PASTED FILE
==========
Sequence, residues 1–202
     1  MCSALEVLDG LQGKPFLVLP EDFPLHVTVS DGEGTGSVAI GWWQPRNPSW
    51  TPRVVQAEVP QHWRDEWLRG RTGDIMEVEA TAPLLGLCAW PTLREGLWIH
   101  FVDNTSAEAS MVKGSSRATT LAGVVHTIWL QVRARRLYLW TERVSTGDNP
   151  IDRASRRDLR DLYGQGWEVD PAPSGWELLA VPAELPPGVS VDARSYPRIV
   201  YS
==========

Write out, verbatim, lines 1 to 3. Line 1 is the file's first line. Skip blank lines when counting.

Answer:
Sequence, residues 1–202
     1  MCSALEVLDG LQGKPFLVLP EDFPLHVTVS DGEGTGSVAI GWWQPRNPSW
    51  TPRVVQAEVP QHWRDEWLRG RTGDIMEVEA TAPLLGLCAW PTLREGLWIH